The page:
As for Trump potentially putting “unqualified” Herman Cain on the FOMC, I say do it! Being qualified is no substitute for being dovish. Onward and upward to 6% NGDP growth! Throw the debt-laden millenials a bone.

  10. Gravatar of ssumner ssumner
    31. January 2019 at 18:39

    Rayward, You said:

    “I don’t believe Powell was concerned about NGDP expectations”

    I assure you that that is precisely what he was worried about. Asset prices are a very noisy signal of NGDP expectations, but if they fall sharply enough it is a valid signal.

  11. Gravatar of OG OG
    1. February 2019 at 03:59

    Generally, in the face of Knightian uncertainty about what drives specific asset price moves, it is better to pursue moderate outcomes rather than extreme outcomes – which means responding to market signals rather than dogmatic pursuit of models and theory. Clearly markets were extremely worried about something, and that probably deserves a cautious response rather than proceeding into a possible asset price led recession out of some misguided “principles”.

    What is dangerous about using asset markets (particularly equities) as a noisy signal however, is that they have embedded in them a lot of real rather than nominal profit stream expectations, information about the expected long run split of aggregate income between labour and capital and also risk premia, which are in some cases only weakly correlated to variables the central bank can in fact control in the long run. A lot of the literature suggests the most volatile component of price is in fact the risk premium element, rather than profit expectations.

    If it turned out to be that the transition through the initial market wobble in October (“long way from neutral”) to the nadir in December was really about the loss of central bank activism in asset prices, rather than any particularly strong change of view by the market on the nominal income outlook – re-establishing activism is in fact on some level underwriting moral hazard and interfering in price formation of the risk premium itself. The markets may cheer it now, but this is only because current asset holders are the beneficiaries of declining risk premia. Inevitably suppressed risk premium will require more and more intervention in future.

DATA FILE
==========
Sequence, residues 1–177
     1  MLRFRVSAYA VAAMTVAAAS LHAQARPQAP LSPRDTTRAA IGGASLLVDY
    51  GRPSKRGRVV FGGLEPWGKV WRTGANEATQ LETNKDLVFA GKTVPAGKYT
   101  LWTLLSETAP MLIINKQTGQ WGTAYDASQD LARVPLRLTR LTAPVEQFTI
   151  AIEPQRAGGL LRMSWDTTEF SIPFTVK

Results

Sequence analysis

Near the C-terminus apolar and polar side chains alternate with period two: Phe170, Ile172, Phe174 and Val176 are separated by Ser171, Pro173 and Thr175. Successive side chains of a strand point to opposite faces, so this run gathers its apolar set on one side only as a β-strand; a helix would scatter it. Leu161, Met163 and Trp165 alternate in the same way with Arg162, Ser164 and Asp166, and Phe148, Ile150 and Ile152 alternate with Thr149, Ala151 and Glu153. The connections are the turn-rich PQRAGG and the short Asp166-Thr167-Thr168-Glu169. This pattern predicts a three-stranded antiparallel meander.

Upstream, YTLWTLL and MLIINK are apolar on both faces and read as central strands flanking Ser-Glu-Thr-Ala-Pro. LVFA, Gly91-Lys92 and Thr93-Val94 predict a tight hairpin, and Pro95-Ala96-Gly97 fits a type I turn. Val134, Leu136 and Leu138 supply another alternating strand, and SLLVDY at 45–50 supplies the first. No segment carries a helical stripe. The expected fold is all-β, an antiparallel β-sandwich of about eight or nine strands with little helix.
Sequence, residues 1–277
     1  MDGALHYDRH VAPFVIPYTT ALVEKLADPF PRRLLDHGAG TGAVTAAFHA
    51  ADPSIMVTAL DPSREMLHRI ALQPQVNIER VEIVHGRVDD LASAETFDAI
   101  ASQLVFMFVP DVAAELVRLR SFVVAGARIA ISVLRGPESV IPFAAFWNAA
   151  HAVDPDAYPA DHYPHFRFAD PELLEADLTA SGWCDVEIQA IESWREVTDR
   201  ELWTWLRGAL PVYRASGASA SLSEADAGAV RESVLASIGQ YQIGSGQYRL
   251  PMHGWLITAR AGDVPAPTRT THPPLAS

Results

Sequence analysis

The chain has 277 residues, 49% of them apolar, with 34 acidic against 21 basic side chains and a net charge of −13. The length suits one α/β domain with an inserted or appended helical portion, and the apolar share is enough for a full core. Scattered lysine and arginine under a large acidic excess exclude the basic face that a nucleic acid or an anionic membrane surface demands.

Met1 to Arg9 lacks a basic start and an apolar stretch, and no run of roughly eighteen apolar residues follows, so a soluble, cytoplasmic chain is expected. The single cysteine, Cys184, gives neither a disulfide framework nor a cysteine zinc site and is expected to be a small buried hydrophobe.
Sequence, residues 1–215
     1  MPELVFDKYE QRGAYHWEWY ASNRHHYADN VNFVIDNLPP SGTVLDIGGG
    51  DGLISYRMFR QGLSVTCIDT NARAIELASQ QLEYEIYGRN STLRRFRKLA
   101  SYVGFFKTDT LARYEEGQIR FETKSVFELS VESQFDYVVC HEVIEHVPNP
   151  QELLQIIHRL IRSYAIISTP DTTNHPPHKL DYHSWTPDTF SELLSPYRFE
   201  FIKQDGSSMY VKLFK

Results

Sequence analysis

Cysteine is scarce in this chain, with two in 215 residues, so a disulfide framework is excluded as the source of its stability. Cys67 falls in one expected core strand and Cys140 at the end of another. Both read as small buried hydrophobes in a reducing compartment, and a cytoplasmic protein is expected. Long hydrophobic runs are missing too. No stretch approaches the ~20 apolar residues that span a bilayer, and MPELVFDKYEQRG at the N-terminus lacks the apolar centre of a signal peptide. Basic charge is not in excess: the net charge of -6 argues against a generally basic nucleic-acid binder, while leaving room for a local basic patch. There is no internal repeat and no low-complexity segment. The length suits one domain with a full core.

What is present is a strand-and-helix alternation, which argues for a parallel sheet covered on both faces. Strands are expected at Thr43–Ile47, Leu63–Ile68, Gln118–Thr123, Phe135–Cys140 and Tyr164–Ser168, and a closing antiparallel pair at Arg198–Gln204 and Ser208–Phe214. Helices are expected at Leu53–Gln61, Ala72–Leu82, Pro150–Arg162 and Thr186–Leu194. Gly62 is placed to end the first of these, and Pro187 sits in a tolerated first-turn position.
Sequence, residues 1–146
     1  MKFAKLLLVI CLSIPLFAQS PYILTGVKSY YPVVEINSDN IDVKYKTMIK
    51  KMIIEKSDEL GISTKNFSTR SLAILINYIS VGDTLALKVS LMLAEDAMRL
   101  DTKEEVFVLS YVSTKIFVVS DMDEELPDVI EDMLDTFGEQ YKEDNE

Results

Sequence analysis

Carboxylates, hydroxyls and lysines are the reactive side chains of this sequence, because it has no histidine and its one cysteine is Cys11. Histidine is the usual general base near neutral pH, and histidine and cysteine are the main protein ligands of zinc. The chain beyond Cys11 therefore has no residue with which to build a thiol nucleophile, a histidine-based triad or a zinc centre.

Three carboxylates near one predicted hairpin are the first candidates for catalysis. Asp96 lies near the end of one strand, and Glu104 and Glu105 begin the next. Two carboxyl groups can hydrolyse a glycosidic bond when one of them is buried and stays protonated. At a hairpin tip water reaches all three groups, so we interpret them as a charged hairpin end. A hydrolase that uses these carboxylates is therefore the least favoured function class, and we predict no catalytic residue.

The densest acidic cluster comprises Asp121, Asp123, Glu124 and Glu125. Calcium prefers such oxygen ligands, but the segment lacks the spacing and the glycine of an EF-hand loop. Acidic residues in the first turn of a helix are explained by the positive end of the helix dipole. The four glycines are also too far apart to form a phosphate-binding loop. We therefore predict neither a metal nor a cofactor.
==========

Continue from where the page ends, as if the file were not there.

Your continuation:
In the long run, this has distributive effects, by indirectly intervening in asset markets, private sector risk premia fall, which probably transfers wealth from young (the asset acquirers) to old (the asset divesters) as assets move through generations at higher prices as well as the broad population to the asset-rich as common resources get diverted to propping up risk premium.

  12. Gravatar of rayward rayward
    1. February 2019 at 07:59

    Well, whatever I may believe about Powell’s motivations, Sumner is impressively consistent:

  13. Gravatar of derek derek
    1. February 2019 at 08:14

    I think any argument against the Fed backing off would have to be based on the fact that the backing off seems to be made necessary in no small part by US policy risks on trade, etc. So there is an argument that the Fed’s responsiveness enables bad policy decisions (as defined by the market’s reaction). This could introduce problematic source of noise; if the market assumes that the Fed will mitigate bad policy, then the market will not price in its assessment of bad policy.

    So maybe the Fed was fully optimal over the past few months, letting the market think that policy would not adjust in order to force the market to come up with a ceteris paribus pricing of the policy risks. Gotta make ’em sweat a little bit.

  14. Gravatar of Brian Donohue Brian Donohue
    1. February 2019 at 08:57

    @derek, yeah, it’s an eternal two-way dialogue. The Fed is reacting to the market and the market is trying to guess what the Fed will do. Sometimes it seems like the market is operating on a bit too much caffeine. Not surprising considering it is riven with an ever-changing mix of fear and greed.

  15. Gravatar of Brian Donohue Brian Donohue
    1. February 2019 at 08:58

    …and I don’t mean the stock market alone. Bond markets, TIPS yields, inflation expectations, credit spreads. They’re all the market too.

  16. Gravatar of ssumner ssumner
    1. February 2019 at 13:03

    Andrew, It doesn’t seem particularly tight or loose, does it?

    Jamws, Hard to say, but policy looks reasonable to me.

    Justin, Cain is a hawk.

    OG, I agree that the Fed should not put much weight on stock prices.

    Derek, That’s the circularity problem, which is why it would be better to have an entirely different regime, where the markets directed the tools of policy.